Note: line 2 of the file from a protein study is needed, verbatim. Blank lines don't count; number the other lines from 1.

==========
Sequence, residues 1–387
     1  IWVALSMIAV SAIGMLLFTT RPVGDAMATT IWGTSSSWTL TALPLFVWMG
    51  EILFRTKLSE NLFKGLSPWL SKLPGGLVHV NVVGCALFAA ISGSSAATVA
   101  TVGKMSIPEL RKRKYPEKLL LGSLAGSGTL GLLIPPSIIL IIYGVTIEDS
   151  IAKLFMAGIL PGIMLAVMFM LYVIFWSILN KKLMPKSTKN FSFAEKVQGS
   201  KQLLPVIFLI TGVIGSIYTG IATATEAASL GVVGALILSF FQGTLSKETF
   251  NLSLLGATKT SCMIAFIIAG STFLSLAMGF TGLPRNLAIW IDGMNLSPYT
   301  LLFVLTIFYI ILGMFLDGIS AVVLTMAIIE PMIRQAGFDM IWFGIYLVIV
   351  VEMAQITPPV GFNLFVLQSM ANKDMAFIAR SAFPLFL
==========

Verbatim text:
     1  IWVALSMIAV SAIGMLLFTT RPVGDAMATT IWGTSSSWTL TALPLFVWMG